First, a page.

Kendrick knees his way out of a suplex, but Nese turns it into a Falcon arrow for a near-fall. A big boot from Kendrick stuns Nese, but he quickly shrugs it off and drops him with a lariat for another two-count, before Kendrick again cuts him off on the top rope and brings him down hard.
A dropkick took Nese down for another two-count, but Nese grabbed a leg and rolled up Kendrick for another two-count, as the veteran went from a kick-out into an armbar, before Nese powerbombed Kendrick into the turnbuckles from the armbar. Kendrick kicked out at two, then caught Nese in the Bully Choke, with Nese rolling back and scoring a near-fall to force the break.
Nese surprised Kendrick with a pumphandle into a Michinoku driver for a two-count, and Nese continued with some right hand shots to Kendrick, who returned the favours. A series of headbutts from Kendrick dazed Nese, with a leg lariat taking Nese back to the mat. Nese caught Kendrick on the top rope with a couple of enziguiris, and went up himself for a 450 Splash… but Nese missed and was immediately caught in the Bully Choke for the submission win. An amazing main event, and I’d be surprised if Nese hadn’t earned himself a contract based on this. Kendrick’s quarter final is going to be against Kota Ibushi, and that looks tasty… ****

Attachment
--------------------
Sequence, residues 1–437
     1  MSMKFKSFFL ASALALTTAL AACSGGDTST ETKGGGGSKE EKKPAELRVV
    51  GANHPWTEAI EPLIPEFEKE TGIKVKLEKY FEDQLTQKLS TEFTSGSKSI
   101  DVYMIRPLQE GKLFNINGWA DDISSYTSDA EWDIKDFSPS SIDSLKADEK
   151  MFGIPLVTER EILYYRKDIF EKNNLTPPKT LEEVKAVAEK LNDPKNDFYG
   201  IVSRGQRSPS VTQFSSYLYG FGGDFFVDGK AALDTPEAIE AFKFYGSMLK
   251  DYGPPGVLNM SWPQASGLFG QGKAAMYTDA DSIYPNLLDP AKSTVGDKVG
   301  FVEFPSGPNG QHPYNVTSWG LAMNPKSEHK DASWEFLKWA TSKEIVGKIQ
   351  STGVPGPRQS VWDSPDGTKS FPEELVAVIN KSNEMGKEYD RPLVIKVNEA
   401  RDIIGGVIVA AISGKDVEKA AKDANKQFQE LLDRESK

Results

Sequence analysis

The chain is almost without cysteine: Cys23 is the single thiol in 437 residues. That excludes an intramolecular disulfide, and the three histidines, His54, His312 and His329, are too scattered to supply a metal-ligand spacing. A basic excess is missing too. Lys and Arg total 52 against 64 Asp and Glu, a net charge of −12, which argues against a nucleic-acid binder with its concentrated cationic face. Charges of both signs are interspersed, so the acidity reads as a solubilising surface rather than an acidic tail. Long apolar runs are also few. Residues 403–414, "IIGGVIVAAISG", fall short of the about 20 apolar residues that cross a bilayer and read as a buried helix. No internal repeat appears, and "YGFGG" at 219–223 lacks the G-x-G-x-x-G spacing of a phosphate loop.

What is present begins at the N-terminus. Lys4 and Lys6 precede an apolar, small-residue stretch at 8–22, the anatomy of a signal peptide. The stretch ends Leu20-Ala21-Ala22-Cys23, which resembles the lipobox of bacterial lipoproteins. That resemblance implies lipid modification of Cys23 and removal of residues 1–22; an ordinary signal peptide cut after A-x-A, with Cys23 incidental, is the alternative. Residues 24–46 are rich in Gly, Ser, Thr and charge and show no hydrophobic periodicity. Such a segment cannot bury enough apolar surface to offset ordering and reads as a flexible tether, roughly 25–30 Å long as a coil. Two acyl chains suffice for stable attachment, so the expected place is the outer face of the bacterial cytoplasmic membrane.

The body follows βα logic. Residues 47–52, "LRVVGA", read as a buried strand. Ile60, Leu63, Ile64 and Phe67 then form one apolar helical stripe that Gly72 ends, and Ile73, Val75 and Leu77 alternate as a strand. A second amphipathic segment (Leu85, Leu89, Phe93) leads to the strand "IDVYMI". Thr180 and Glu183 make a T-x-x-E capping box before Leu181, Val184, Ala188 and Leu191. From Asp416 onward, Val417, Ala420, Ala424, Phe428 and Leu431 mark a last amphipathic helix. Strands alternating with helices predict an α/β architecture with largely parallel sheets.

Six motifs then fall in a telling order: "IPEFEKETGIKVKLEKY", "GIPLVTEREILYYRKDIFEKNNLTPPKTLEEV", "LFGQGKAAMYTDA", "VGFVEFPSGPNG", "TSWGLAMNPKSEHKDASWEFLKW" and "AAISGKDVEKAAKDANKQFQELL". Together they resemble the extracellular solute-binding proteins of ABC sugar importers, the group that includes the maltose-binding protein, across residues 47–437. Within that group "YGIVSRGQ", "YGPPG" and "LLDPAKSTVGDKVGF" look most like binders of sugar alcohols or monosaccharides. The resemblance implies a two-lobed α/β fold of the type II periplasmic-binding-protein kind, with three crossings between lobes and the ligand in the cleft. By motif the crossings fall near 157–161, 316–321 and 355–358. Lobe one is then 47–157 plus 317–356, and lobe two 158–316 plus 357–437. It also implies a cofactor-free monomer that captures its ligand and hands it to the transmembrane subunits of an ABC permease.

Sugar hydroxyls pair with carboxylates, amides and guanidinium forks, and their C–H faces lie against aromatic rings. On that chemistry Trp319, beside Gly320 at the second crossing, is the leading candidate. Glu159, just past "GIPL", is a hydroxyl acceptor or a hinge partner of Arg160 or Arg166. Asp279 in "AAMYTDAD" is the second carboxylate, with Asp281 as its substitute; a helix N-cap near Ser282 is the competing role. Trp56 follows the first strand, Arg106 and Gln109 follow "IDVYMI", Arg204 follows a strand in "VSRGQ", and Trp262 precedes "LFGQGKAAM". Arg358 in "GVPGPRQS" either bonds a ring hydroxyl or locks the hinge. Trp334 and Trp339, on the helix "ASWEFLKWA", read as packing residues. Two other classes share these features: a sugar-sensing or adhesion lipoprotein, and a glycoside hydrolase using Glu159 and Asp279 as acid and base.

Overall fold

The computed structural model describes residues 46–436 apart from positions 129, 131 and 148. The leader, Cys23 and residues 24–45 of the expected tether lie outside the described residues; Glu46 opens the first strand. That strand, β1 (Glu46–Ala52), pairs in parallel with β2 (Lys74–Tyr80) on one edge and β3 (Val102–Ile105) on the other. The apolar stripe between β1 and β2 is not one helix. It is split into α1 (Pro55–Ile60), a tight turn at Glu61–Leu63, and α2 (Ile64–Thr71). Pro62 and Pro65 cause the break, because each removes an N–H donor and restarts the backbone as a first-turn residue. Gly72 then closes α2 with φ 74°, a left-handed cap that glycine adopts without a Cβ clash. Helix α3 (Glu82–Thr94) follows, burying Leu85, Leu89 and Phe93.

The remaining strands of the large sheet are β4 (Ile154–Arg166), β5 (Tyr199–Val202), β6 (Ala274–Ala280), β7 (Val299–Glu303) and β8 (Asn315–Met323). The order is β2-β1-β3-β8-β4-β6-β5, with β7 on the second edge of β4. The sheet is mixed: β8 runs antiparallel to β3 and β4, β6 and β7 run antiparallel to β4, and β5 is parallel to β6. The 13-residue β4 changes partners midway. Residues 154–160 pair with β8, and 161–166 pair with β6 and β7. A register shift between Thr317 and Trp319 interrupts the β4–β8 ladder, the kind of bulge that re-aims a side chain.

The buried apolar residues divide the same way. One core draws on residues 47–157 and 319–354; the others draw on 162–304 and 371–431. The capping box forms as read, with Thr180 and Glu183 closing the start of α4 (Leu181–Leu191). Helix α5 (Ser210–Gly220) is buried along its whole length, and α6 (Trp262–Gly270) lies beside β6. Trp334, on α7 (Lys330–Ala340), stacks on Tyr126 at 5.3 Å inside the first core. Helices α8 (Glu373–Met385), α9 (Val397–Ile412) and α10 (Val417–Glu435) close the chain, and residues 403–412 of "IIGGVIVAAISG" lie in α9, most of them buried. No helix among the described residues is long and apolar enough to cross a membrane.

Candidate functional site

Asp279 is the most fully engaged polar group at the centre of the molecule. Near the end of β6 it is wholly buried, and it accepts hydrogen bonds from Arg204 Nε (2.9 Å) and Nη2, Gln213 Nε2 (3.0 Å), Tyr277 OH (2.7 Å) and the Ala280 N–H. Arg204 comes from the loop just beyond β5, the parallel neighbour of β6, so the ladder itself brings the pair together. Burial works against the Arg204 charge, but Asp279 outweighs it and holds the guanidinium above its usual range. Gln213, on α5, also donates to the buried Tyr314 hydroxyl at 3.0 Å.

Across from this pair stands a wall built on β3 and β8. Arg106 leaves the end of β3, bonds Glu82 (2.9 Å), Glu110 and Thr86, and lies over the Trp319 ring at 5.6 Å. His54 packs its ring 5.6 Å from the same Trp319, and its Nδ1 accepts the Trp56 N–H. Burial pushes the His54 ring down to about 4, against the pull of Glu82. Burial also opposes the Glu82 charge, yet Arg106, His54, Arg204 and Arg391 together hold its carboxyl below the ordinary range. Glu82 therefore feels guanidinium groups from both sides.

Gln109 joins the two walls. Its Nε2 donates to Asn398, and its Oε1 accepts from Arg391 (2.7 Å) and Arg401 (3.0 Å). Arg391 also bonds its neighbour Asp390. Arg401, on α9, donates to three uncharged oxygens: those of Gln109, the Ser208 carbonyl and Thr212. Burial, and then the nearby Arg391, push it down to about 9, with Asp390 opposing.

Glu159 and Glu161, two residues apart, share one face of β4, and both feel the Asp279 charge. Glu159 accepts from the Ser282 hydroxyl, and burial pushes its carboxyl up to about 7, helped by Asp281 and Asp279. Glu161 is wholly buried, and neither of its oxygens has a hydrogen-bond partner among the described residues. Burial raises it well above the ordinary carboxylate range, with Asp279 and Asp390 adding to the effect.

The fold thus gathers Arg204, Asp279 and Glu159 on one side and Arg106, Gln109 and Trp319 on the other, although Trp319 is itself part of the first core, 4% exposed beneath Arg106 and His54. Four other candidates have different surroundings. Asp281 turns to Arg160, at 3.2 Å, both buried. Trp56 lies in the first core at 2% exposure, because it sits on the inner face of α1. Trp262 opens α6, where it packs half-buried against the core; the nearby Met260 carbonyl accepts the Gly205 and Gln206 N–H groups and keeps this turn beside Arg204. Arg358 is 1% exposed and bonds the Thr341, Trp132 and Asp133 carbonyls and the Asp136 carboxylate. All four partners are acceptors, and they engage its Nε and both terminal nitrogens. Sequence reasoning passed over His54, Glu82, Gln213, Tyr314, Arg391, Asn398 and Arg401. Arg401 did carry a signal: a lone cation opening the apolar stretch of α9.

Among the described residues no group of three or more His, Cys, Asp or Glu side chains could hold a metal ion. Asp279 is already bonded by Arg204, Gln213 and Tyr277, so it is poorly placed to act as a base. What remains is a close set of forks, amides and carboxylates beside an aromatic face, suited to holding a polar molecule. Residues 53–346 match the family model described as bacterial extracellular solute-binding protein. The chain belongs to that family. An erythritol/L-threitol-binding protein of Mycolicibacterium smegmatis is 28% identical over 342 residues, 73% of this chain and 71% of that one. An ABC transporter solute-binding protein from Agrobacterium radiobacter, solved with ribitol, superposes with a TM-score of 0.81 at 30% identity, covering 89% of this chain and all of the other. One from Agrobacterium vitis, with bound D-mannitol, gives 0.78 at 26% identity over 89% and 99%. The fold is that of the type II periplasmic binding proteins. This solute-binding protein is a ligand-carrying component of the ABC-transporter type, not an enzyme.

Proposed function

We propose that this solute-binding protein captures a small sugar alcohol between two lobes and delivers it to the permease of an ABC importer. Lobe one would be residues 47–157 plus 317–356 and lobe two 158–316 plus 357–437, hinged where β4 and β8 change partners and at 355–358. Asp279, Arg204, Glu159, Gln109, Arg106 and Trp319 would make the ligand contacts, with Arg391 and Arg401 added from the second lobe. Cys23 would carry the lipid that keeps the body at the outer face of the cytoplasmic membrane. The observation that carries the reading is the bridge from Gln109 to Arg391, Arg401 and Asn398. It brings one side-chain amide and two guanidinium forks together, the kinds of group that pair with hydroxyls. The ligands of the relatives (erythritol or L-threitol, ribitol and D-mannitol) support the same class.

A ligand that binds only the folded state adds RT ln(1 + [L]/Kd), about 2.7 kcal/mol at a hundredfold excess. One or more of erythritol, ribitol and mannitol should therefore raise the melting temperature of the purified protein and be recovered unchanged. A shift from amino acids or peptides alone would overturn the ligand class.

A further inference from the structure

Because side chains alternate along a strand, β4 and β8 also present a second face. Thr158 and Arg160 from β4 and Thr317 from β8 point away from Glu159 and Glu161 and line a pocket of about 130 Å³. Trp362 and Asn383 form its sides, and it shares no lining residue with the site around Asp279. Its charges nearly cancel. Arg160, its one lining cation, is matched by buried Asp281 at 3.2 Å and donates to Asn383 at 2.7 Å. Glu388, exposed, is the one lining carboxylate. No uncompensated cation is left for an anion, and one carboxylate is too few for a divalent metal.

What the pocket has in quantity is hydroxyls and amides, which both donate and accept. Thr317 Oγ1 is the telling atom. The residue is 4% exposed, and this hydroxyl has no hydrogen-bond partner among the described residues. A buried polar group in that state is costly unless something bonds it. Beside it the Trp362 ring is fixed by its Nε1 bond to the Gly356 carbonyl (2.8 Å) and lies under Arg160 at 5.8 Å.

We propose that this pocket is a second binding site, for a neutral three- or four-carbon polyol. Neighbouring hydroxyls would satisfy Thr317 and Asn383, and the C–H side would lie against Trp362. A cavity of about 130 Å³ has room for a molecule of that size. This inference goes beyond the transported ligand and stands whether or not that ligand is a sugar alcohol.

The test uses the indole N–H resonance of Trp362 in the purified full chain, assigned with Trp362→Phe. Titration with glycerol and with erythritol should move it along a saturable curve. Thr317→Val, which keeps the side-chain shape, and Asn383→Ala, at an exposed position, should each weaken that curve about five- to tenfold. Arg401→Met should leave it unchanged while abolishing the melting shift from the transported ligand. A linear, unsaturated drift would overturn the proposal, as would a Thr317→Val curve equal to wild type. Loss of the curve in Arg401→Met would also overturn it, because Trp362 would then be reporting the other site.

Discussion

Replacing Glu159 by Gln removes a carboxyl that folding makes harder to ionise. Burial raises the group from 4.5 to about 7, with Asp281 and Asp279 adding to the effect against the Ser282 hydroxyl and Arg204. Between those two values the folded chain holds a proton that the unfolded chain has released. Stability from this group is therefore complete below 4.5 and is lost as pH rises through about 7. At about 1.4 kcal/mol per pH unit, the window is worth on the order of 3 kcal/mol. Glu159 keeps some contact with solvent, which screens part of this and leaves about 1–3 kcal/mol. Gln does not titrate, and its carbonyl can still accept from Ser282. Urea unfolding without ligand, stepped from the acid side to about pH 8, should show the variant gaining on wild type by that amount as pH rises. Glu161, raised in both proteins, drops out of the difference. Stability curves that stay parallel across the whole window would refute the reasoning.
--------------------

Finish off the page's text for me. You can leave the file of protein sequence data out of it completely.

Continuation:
Next week we wrap up the second round with Lince Dorado vs. Rich Swann, Zack Sabre Jr. vs. Drew Gulak and Johnny Gargano vs. TJ Perkins. In terms of matches on paper, they’re saving the best for last!